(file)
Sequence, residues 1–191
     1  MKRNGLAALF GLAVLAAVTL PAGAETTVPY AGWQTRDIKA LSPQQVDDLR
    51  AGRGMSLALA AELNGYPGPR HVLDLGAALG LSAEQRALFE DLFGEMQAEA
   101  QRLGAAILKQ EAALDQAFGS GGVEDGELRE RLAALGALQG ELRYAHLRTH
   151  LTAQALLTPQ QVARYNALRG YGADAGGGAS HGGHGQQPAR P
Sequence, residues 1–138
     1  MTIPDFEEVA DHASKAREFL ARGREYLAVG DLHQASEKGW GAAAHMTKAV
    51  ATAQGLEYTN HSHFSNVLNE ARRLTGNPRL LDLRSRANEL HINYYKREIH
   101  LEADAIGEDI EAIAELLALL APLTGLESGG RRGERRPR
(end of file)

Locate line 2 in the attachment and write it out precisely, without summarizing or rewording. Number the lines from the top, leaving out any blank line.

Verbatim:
     1  MKRNGLAALF GLAVLAAVTL PAGAETTVPY AGWQTRDIKA LSPQQVDDLR